A derelict hospital refurbished last year to serve as a battered women’s shelter with nearly $750,000 in aid from the US military in Kyrgyzstan has never been used for its intended purpose. The disconnect between the project’s mission and its outcomes, plus its exorbitant cost, is casting doubt on the judiciousness of the Pentagon’s aid spending in the beleaguered Central Asian country.
The Shopokov Women’s Development Center, located some 15 kilometers outside the capital, Bishkek, opened with fanfare on August 25, 2010, as “a place of refuge during difficult times,” according to a senior Air Force officer quoted by US Central Command at the time. The ribbon-cutting ceremony was attended by then-Ambassador Tatiana Gfoeller and Col. Dwight Sones, commander of the Manas Transit Center, an airbase critical to Washington’s war effort in Afghanistan. A spokesman for Manas said on April 19 that the center -- which took one year to renovate and cost one-third of the base’s 2010 humanitarian aid spending -- was to be used as a “development center for battered women” and “a shelter for up to 55 women and their children.”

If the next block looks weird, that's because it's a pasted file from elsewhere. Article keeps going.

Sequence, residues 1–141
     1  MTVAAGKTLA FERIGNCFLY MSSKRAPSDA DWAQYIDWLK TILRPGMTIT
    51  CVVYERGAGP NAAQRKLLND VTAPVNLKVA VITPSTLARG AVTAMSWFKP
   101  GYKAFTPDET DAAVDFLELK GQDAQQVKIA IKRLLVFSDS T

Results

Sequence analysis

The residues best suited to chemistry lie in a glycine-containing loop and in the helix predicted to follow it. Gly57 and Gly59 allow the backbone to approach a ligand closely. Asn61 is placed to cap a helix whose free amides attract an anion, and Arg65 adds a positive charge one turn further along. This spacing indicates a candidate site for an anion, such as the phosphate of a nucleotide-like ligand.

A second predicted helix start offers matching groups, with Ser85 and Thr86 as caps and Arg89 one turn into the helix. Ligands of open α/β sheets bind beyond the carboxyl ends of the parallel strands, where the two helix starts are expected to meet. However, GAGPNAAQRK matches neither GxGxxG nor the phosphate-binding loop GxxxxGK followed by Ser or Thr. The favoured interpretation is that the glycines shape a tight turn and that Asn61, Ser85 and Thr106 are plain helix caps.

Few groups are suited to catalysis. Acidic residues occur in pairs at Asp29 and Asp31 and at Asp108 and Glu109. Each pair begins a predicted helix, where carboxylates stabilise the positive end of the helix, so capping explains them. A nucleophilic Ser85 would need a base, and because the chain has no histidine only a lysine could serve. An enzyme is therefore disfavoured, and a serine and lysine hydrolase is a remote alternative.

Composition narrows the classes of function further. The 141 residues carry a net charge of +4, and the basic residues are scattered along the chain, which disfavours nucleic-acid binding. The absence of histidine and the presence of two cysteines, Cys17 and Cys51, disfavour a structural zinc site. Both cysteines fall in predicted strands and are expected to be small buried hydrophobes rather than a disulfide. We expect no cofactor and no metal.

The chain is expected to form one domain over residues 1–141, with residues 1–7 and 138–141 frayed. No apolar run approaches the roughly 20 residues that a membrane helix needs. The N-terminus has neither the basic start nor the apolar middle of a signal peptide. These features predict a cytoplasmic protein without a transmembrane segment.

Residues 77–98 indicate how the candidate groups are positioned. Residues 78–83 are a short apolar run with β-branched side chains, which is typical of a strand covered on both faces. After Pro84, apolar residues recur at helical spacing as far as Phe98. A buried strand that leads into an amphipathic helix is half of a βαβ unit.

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David Trilling is EurasiaNet's Central Asia editor. Natasha Yefimov is a Bishkek-based freelance journalist.